As the Federal government strives to grow the U.S. science, technology, engineering, and math (STEM) workforce to improve citizen service and strengthen the economy, Sen. Jacky Rosen, D-Nev., is ensuring Congress is also doing its part by working on legislation to boost America’s IT education and workforce.
Speaking on July 21 at the MerITocracy American Innovation, Sen. Rosen emphasized that the U.S. has good, well-paying jobs in IT – and plenty of workers who are looking for better jobs. The issue is that those workers lack the training for the available positions, creating a persistent imbalance.
“The fact is, while use of technology in our everyday lives is increased, it has led to a growing gap between the abilities of our workforce and the skills needed for success in tech related careers,” she said. “We have good paying jobs available – jobs in technology and in STEM – and we have workers that are looking for jobs, but they lacked the training and the skills or the education needed to fill them.”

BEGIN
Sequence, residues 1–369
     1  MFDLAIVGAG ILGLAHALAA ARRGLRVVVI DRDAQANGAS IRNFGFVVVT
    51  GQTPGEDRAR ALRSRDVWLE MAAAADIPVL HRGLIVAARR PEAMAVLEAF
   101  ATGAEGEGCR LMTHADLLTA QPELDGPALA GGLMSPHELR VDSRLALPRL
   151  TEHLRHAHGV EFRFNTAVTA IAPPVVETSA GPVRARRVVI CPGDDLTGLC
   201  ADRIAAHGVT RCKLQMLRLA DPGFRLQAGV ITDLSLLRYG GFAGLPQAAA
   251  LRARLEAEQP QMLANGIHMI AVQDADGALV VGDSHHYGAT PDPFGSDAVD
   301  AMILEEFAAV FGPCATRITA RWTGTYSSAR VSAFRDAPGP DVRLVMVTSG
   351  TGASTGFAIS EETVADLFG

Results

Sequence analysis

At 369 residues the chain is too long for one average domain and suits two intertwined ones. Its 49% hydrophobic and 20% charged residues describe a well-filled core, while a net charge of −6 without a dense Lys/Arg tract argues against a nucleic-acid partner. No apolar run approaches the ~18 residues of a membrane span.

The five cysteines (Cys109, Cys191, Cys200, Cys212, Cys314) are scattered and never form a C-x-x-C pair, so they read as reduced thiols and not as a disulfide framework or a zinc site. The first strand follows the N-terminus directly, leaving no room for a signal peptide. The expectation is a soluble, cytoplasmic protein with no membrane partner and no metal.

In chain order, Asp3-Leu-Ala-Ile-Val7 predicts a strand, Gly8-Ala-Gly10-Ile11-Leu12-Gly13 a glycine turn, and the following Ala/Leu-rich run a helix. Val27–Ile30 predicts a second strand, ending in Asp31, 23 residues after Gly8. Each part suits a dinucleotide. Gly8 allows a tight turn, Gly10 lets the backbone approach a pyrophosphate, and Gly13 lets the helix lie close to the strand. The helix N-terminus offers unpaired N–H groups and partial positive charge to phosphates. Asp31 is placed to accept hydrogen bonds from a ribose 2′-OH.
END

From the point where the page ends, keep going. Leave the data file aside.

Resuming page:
Sen. Rosen herself was a computer programmer before running for office. During that time, she says she learned to analyze systems, interpret data, organize information, and solve problems – which created goal-oriented skillsets that she still carries with her today.
“But what my job is now is to make sure that I’m not the last one, that’s for sure, because STEM careers are the future of the American economy and they are the key to our competitiveness around the world,” the senator said.
Sen. Rosen has introduced numerous bills that aim to strengthen and build out a skilled workforce pipeline in the U.S.
Among those legislative efforts is the Advanced Manufacturing Jobs in America Act, a bill to help close the skills gap between qualified workers and advanced manufacturing jobs. She’s also a driving force behind the Cyber Ready Workforce Act, which is bipartisan legislation directing the Department of Labor to award grants to increase cybersecurity apprenticeship programs.
Rosen also has introduced the STEM Restart Act—a bill that aims to help fill technical positions and take steps to support Americans already in the workforce through training and job growth opportunities while providing funding to small- and medium-sized STEM businesses to offer paid mid-level career “returnships.”
“We have to look at the bigger picture, bolstering our long-term workforce goals,” the senator emphasized. “It’s important we build the next generation of those highly skilled, qualified – I don’t want to say workers – I want to say our kids or grandkids or friends or family or nieces or nephews or cousins. That’s what happens when we invest in the future.”